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Tenancies and ownership

The estate in 2009 consists of about 320 homes. There are 60 houses, over 200 flats with two (or a few with three) bedrooms and 45 one-bedroomed flats or bedsits.

All new tenancies granted on the estate by Knight Frank (KF) for Trinity House are assured shorthold tenancies (ASTs). However, there are several other types of tenancy and ownership on the estate. All are described briefly below. TNRA can give residents help and advice in dealing with various aspects of tenancies.

Assured shorthold tenancies

These tenancies were created by the Housing Act 1988. As at January 2019 there are about 200 properties on the estate let on ASTs. This number will increase as other tenancies are given up and new lettings are made.

ASTs on the estate are usually issued for a term of one or two years. They do not have security of tenure, ie, the tenant can be required to leave at the end of the term of the tenancy. The managing agents have told TNRA that, if a tenant wants to stay, s/he would only be asked to leave for a reason, eg, if the tenant had been in rent arrears or if the property needed refurbishing. The rents are market rents, negotiated between the tenant and KF at the beginning of the tenancy and on renewal if the tenant stays for another term.

The landlords are responsible for all internal fixtures and fittings, eg, boilers, central heating, electrical wiring. Usually properties are renovated or redecorated and carpeted before being let.

From October 2020 the Trinity Village website includes a portal for AST tenants so that they can see their statements of account etc

Assured tenancies

These tenancies were also created by the Housing Act 1988. On the estate they mostly took the form of 9-year contractual leases. None of these have been issued since about 1995 and nine assured tenants still remain, holding over under the terms of their original leases as statutory periodic assured tenants.

Assured tenants pay market rents but they, not the landords, are usually responsible for internal repairs. The rents reflect this and so are lower than the rents for comparable ASTs. Under the Housing Act s13 the rent can be increased every year by agreement between landlord and tenant or by the landlord serving a statutory notice on the tenant. The tenant has the right to appeal to a Rent Assessment Committee against the landlord’s proposed rent.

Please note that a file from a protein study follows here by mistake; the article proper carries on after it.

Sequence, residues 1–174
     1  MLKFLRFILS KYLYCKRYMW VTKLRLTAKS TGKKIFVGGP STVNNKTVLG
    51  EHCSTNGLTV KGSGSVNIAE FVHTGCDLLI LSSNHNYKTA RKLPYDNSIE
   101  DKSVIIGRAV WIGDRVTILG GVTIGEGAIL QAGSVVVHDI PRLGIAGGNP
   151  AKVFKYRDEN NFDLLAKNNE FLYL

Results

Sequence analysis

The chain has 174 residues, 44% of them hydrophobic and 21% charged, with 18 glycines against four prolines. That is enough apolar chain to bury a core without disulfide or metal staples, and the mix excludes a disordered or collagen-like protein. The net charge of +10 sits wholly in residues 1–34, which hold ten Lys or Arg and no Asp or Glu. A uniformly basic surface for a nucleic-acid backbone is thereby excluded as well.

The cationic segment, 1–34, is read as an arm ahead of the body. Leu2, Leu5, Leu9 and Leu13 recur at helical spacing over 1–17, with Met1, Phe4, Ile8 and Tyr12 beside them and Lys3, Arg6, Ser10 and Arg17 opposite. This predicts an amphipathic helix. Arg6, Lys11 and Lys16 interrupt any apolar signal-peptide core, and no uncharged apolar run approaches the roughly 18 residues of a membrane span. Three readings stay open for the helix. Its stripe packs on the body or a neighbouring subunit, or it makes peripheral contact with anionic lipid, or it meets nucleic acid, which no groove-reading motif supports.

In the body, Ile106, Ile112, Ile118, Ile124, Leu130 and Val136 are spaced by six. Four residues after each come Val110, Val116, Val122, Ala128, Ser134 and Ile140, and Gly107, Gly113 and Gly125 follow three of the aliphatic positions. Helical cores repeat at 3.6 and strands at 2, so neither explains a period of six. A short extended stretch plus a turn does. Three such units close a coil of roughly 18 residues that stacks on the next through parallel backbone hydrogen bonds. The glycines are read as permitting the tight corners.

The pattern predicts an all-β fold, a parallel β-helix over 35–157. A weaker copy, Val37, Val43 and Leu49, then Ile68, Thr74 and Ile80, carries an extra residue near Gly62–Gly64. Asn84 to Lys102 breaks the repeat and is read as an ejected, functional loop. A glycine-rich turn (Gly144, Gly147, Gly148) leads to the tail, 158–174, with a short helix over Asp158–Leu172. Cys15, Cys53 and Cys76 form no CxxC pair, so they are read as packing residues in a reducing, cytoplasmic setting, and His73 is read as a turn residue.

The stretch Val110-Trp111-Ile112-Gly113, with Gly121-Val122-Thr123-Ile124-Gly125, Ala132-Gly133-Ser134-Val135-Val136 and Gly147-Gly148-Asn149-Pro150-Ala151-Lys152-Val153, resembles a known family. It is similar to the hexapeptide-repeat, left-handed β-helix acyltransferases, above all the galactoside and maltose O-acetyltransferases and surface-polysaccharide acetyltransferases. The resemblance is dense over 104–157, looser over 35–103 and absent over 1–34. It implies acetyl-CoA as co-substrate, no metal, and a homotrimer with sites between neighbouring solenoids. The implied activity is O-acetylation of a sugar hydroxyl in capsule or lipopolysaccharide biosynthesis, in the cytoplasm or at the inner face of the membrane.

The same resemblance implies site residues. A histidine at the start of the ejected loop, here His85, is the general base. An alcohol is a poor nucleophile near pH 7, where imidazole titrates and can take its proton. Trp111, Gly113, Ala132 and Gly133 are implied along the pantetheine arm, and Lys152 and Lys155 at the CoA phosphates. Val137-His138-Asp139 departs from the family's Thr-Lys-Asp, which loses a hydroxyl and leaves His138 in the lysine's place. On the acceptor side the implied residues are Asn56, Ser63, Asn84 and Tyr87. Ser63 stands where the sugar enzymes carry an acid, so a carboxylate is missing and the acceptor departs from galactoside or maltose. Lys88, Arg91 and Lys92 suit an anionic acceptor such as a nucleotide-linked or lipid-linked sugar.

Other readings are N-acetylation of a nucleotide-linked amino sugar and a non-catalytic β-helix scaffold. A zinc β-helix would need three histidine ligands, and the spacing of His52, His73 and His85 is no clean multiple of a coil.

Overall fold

Rent Act protected tenancies

Until 1989, under the Rent Act 1977, almost all tenants had either 8-year contractual leases with responsibility for internal repairs or periodic weekly, monthly or quarterly tenancies under which the landlord was responsible for repairs. About 34 of these ‘protected tenancies’ remain.

Protected tenants have security of tenure and the right to a ‘fair rent’, which is lower than a market rent. Rents for these tenancies can be increased every two years either by agreement between landlord and tenant or by either party applying to the Rent Officer to register a fair rent. There is a right of appeal from the Rent Officer’s decision to the First-tier Tribunal (formerly Rent Assessment Committee).

Long leaseholds

Since 1985, some properties on the estate have been redeveloped and sold on long leases (eg, for 85 years). Trinity House retains the freehold of these blocks which are at:

4–6, 9–11, 45–47 and 59–63 Trinity Church Square

26 and 28 Cole Street and Horse­mongers Mews, Cole Street

part of Shaftesbury House, Trinity Street

18 Trinity Street

The blocks in Trinity Church Square and Trinity Street are managed by Mainstay, who report to Trinity Village/Knight Frank.

Sublets of long leaseholds

Some of the long leasehold properties are let by their leaseholders on ASTs. These lets are available through local estate agents, not Knight Frank.


A few houses in Trinity Church Square and Trinity Street have been sold freehold. However, Trinity House continue to assure us that they wish to retain ownership of the estate as a whole.